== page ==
Image: Wikimedia

This week Seattle City Council members Kshama Sawant and Tammy Morales officially introduced their “Amazon Tax” legislation into the  City Council’s legislative process, but not without a dust-up over who will shepherd it through committee deliberations.

The legislation is comprised of three bills:

  • one that imposes a 1.3% tax on payroll for any Seattle company with a payroll greater than $7 million, excepting public agencies, nonprofits and grocery stores;
  • one that details the spending plan for the revenues, consistent with what Sawant and Morales announced at their press conference last week;
  • one that authorizes inter-fund loans to allow for $200 million to be spent this year in advance of the first revenues being collected.

Sawant “walked on” the bills as a last-minute addition to the weekly Introduction and Referral Calendar, having missed last week’s deadline to have her bills automatically included. She did this for two reasons:

  1. It gave her an opportunity to deliver a speech about the “Tax Amazon” movement during the Council meeting;
  2. It created an opportunity for her to propose which committee it should be referred to.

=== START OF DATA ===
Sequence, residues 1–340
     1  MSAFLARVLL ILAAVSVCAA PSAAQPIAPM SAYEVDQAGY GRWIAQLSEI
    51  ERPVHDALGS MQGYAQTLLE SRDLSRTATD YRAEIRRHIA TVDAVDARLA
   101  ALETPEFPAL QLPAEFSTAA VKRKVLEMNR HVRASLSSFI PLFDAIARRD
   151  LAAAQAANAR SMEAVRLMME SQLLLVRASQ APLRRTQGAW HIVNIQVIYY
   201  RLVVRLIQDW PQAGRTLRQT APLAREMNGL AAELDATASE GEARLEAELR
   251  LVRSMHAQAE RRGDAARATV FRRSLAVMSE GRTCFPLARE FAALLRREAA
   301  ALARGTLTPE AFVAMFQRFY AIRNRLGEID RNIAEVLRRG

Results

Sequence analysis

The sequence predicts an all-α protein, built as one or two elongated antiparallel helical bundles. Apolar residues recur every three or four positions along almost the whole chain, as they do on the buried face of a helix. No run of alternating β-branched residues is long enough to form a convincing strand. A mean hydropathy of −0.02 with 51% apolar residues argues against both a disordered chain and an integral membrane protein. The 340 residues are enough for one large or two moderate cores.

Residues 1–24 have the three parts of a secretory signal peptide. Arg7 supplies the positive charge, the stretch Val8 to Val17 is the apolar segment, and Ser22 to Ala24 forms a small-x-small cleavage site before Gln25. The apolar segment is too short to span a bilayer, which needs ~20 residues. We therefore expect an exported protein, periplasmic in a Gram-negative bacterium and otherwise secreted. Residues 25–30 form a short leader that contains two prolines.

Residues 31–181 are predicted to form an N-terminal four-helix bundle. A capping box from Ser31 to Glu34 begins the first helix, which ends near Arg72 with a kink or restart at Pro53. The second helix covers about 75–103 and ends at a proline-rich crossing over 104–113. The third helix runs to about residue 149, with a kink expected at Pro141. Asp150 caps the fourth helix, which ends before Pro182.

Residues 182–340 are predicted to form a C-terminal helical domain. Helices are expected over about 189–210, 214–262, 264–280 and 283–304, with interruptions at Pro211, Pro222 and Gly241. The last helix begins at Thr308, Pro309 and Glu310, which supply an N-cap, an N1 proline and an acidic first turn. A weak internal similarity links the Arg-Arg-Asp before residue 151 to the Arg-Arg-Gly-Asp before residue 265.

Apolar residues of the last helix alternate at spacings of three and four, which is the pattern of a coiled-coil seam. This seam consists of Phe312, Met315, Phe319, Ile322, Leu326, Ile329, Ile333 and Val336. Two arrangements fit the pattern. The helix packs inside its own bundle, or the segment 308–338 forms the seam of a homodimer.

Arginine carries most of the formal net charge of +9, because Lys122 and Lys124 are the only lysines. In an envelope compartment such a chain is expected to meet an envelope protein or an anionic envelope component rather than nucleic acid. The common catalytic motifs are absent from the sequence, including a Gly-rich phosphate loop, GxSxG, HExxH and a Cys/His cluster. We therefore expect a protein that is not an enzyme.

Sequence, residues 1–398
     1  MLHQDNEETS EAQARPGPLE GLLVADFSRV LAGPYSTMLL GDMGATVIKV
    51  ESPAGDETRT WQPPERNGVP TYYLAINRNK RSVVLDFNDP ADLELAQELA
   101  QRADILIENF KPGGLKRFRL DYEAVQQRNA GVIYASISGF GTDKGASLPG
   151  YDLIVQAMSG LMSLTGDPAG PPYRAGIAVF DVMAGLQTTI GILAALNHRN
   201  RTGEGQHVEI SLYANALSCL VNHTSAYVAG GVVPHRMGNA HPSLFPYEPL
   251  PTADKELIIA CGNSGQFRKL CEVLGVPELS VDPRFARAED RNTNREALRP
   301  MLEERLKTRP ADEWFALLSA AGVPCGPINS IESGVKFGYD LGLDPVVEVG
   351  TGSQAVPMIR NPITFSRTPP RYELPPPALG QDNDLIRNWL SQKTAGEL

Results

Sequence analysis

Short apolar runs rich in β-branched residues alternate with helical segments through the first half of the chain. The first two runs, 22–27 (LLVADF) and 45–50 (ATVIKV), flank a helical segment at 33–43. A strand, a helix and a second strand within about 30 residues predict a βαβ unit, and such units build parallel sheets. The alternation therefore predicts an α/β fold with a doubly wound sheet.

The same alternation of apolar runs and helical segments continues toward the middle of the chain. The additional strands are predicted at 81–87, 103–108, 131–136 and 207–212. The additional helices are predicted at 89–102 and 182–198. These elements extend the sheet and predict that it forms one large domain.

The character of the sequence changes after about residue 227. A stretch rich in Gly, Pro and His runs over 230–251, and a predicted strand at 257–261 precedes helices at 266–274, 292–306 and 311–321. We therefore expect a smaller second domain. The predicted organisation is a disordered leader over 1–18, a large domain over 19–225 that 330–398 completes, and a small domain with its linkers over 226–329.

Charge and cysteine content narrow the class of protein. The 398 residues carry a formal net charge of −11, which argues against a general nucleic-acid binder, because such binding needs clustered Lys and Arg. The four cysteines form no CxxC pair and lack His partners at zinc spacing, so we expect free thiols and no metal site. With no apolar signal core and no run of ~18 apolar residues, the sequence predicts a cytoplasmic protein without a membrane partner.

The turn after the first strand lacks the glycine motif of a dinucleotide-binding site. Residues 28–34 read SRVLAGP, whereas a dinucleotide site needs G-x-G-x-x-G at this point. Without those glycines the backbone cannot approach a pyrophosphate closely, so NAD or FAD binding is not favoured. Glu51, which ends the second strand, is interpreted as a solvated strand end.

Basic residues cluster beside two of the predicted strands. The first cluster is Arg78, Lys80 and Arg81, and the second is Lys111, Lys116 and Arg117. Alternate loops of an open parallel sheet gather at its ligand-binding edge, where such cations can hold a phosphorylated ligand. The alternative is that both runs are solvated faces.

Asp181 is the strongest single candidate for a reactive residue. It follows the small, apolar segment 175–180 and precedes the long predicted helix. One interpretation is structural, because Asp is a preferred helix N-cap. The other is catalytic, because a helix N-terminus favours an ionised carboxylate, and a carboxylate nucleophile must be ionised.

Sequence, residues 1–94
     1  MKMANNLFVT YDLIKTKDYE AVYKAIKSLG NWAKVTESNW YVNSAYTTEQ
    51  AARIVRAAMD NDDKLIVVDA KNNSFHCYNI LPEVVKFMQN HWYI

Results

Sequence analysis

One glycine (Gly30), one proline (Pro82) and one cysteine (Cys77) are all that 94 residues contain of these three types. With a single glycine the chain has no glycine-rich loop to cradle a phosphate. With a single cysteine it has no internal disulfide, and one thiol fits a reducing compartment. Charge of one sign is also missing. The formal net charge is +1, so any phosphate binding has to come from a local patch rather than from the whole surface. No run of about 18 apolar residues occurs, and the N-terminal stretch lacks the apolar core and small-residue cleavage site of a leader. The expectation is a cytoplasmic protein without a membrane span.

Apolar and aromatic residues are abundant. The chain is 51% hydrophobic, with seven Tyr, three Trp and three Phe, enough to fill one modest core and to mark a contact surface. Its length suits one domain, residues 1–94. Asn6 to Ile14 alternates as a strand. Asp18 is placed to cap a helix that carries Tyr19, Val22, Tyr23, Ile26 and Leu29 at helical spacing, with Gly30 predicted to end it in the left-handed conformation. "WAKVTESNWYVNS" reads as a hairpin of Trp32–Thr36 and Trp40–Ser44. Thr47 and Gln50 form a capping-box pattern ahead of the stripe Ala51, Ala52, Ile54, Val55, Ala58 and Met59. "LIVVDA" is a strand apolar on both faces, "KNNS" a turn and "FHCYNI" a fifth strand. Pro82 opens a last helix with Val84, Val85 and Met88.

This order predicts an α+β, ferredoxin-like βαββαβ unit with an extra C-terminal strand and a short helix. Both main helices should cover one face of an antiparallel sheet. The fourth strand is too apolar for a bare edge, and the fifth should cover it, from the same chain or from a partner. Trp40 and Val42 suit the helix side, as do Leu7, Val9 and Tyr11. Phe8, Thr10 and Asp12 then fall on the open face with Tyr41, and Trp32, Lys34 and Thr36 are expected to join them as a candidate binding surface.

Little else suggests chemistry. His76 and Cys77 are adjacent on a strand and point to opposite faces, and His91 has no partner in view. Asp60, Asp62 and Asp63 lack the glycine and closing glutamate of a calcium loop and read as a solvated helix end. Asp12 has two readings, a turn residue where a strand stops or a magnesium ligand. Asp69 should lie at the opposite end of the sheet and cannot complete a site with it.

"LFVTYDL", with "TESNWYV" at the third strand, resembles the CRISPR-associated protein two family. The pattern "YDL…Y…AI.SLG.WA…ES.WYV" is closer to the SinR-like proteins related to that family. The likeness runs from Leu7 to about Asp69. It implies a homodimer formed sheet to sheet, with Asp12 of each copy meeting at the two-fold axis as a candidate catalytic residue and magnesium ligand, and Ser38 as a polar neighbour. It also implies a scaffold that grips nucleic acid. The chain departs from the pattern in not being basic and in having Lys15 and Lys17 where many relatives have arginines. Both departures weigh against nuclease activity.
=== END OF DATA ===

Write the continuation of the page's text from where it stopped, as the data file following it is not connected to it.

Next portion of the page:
In the Council’s normal process, a bill being introduced is referred by the Council President to a committee for deliberations before it comes back to the full Council for a final vote. But Council President Lorena Gonzalez disagreed with Sawant over the committee assignment: Gonzalez wanted to send it to the Select Committee on Budget, while Sawant wanted it in her own committee, Sustainability and Renters Rights. Sawant has stated that she wanted it in her committee to ensure that “the movement” had a voice in the process, but that’s not what’s really at stake here. First, if Sawant chairs the committee then she gets to control the hearings, the agenda, the testimony, and the timeline for deliberations. Second, and perhaps more important, under the new Council rules this year, the only Council members who can vote in committee are the official members of that committee; in previous years any Council member can show up to any committee meeting and vote. Sawant’s committee has five members, of which she and Morales are two. That gives them a tremendous amount of power over potential amendments to the legislation and in shaping its final form.  In contrast, the Budget committee, chaired by Mosqueda, has all nine Council members as committee members; Sawant and Morales will need to work much harder to sell their agenda to their seven colleagues in order to prevail.

Sawant’s pitch to get the bills in her committee failed miserably; even Morales, who correctly read the writing on the wall, didn’t support it. In the end, after a lot of speeches by Council members and accusations by Sawant that sending it through another committee would not result in a strong progressive revenue bill, all nine Council members voted to send it to the budget committee.